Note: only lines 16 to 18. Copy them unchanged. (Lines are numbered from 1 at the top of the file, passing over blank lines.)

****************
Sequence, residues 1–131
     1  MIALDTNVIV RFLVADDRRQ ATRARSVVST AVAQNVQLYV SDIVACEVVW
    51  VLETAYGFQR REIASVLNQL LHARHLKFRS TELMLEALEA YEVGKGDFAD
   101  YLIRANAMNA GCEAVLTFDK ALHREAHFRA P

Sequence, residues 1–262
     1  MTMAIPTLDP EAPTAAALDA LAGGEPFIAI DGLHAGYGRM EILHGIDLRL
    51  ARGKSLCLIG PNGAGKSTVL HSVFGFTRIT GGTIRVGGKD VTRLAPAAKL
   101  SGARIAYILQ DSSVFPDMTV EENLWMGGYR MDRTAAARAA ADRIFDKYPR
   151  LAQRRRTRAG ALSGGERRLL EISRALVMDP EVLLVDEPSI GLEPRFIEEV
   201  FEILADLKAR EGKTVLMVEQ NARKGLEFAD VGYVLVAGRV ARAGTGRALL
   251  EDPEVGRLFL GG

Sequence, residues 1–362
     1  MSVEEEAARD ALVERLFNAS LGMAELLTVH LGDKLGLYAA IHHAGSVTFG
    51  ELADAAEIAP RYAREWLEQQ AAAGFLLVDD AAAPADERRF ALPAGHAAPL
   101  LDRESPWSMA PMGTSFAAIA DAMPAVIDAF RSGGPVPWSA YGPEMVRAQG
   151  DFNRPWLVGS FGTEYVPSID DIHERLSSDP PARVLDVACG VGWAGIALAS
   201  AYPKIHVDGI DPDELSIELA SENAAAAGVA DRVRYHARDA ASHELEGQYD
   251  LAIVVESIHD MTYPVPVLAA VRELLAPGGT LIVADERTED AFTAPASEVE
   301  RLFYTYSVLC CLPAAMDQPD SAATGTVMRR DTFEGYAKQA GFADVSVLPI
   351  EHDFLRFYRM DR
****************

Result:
   151  DFNRPWLVGS FGTEYVPSID DIHERLSSDP PARVLDVACG VGWAGIALAS
   201  AYPKIHVDGI DPDELSIELA SENAAAAGVA DRVRYHARDA ASHELEGQYD
   251  LAIVVESIHD MTYPVPVLAA VRELLAPGGT LIVADERTED AFTAPASEVE